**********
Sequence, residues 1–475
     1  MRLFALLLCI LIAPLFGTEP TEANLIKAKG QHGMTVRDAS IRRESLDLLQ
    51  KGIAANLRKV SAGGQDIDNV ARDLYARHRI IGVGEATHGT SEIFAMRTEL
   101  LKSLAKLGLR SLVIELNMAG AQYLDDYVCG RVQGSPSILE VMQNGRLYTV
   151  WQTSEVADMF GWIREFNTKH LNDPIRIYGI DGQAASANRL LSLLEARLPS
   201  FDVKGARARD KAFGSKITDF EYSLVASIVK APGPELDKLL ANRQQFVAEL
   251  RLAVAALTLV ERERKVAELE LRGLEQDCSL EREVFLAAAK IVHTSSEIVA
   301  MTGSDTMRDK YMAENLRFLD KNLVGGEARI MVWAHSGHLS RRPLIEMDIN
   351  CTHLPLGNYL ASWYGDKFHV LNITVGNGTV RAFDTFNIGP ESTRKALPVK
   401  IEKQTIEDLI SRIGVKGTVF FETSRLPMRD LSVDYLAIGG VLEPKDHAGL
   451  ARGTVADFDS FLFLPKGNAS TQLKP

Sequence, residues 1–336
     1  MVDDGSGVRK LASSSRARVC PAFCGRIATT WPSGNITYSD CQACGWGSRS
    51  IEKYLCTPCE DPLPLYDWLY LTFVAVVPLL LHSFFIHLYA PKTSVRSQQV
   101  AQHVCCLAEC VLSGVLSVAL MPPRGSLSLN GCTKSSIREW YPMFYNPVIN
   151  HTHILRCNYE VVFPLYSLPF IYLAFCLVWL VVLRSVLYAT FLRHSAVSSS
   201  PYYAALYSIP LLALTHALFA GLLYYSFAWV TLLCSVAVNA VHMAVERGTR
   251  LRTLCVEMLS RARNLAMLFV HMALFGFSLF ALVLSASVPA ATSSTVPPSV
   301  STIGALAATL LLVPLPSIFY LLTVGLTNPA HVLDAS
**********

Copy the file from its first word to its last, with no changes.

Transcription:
Sequence, residues 1–475
     1  MRLFALLLCI LIAPLFGTEP TEANLIKAKG QHGMTVRDAS IRRESLDLLQ
    51  KGIAANLRKV SAGGQDIDNV ARDLYARHRI IGVGEATHGT SEIFAMRTEL
   101  LKSLAKLGLR SLVIELNMAG AQYLDDYVCG RVQGSPSILE VMQNGRLYTV
   151  WQTSEVADMF GWIREFNTKH LNDPIRIYGI DGQAASANRL LSLLEARLPS
   201  FDVKGARARD KAFGSKITDF EYSLVASIVK APGPELDKLL ANRQQFVAEL
   251  RLAVAALTLV ERERKVAELE LRGLEQDCSL EREVFLAAAK IVHTSSEIVA
   301  MTGSDTMRDK YMAENLRFLD KNLVGGEARI MVWAHSGHLS RRPLIEMDIN
   351  CTHLPLGNYL ASWYGDKFHV LNITVGNGTV RAFDTFNIGP ESTRKALPVK
   401  IEKQTIEDLI SRIGVKGTVF FETSRLPMRD LSVDYLAIGG VLEPKDHAGL
   451  ARGTVADFDS FLFLPKGNAS TQLKP

Sequence, residues 1–336
     1  MVDDGSGVRK LASSSRARVC PAFCGRIATT WPSGNITYSD CQACGWGSRS
    51  IEKYLCTPCE DPLPLYDWLY LTFVAVVPLL LHSFFIHLYA PKTSVRSQQV
   101  AQHVCCLAEC VLSGVLSVAL MPPRGSLSLN GCTKSSIREW YPMFYNPVIN
   151  HTHILRCNYE VVFPLYSLPF IYLAFCLVWL VVLRSVLYAT FLRHSAVSSS
   201  PYYAALYSIP LLALTHALFA GLLYYSFAWV TLLCSVAVNA VHMAVERGTR
   251  LRTLCVEMLS RARNLAMLFV HMALFGFSLF ALVLSASVPA ATSSTVPPSV
   301  STIGALAATL LLVPLPSIFY LLTVGLTNPA HVLDAS